orla-quilligan
26th September 2018

Review: Meek at the Lowry

Orla Quilligan reviews Headlong Theatre’s ‘Meek’, a story that captures the moral dilemmas and political implications face our own society
Review: Meek at the Lowry
Photo: Helen Murray

Headlong Theatre is responsible for some of the most iconic theatre in the last decade, ‘Chimerica’ and ‘People, Places and Things’ being their most eminent recent works. Meek comes as Headlong’s latest production in collaboration with the Birmingham Repertory Theatre. Whilst this production had an impressive reputation to live up to, Meek packed an intense punch that so distinctly reminded me of Headlong’s craftsmanship.

It’s difficult, and seems somewhat unfair, to boil Meek down into a simple plot line and theme; it is so steeped in huge moral dilemmas and political implications that face our current society. At the heart of it, our protagonist, Irene, has been convicted of performing a sacrilegious song and unintentionally inspires a revolution in reaction to this fanatical dictatorship (think Margaret Atwood’s The Handmaid’s Tail). On a personal level, we see the conflict this causes between her and her best friend, Anna, in a realistic and unique portrayal of female friendship that keeps shocking us until the very last moment.

MEEK by Penelope Skinner. Photo: Helen Murray

Yet, through combining so many huge ideas, a distinct feeling of tension, dissonance and incongruity is created. Director Amy Hodge made this apparent in every aspect of the production, from the battle of the secular and fanatically religious to the contrast in the actors’ movement within a claustrophobic space. The intense feeling of uneasiness this created really forced us to look into our own politics and principles, and confront the possibility that this play presented only an exaggerated version of our own society.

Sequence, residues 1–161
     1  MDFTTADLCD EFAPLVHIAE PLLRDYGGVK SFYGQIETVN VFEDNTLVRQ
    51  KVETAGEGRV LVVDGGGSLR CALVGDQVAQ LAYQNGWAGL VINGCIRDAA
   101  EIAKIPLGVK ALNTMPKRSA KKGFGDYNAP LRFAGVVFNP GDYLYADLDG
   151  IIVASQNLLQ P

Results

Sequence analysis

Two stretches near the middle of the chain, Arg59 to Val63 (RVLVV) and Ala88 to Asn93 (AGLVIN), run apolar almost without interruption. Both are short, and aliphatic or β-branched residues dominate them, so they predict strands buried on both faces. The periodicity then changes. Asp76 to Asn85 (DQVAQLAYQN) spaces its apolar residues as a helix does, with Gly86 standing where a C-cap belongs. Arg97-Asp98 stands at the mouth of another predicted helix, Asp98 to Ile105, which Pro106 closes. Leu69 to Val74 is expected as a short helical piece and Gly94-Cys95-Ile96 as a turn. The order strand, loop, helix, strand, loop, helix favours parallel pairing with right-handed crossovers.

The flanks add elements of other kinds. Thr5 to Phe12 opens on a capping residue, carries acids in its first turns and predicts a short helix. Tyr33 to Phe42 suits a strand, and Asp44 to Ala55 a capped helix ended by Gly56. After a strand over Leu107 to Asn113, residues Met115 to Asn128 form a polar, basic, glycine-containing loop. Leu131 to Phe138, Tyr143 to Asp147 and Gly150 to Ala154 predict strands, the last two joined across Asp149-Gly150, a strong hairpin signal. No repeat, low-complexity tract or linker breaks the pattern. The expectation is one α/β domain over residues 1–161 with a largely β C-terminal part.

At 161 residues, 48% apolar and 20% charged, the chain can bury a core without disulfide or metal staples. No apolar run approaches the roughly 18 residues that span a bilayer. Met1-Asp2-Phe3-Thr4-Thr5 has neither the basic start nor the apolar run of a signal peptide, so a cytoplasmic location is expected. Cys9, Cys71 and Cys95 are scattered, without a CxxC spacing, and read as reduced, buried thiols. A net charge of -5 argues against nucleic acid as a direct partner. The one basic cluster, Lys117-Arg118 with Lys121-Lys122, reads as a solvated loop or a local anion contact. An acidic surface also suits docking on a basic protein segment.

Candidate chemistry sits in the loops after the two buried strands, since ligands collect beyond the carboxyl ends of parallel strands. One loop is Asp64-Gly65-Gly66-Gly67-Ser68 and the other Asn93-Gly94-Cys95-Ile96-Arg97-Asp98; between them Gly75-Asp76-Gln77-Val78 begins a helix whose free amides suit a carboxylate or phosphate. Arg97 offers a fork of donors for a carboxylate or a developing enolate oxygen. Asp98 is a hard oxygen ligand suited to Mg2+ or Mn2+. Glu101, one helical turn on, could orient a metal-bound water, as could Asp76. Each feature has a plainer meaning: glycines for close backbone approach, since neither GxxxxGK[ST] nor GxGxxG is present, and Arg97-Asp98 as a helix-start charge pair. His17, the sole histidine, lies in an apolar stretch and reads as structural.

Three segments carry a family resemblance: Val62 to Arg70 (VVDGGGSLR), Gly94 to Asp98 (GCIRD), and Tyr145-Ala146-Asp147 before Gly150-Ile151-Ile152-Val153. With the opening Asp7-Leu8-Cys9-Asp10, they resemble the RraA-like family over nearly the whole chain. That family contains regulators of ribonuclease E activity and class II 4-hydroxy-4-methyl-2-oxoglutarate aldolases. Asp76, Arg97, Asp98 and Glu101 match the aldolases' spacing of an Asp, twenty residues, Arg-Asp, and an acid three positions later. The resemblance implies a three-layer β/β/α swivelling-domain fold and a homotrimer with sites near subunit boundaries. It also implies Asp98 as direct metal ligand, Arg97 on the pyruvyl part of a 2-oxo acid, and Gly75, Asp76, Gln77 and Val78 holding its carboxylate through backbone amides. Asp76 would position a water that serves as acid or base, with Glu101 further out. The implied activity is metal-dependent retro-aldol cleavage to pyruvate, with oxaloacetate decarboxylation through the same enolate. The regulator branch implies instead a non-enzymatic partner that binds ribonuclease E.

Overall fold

The design of this show by Max Jones and Zoe Spurr (lighting), deserves its own special mention. The set was unrelentingly grey and authoritarian, made up of simple grey blocks and walls, with one cross engraved into a wall, that seared with light, blinding us with the wrath of this religious regime. Rarely have I seen a set that so indisputably conveyed a sense of the time, place and ethos of the society the play exists in.

Betrayal, pride, shame, social media, radicalism, diplomacy, even Brexit – after only 65 minutes and a cast of three, all these themes were on the tip of my tongue in the aftermath of this production. Penelope Skinner has written, in my opinion, something of an era-defining text and the performances by Shvorne Marks, Amanda Wright and Scarlett Brookes were commendable in their roles, drawing out all the potential of this production.


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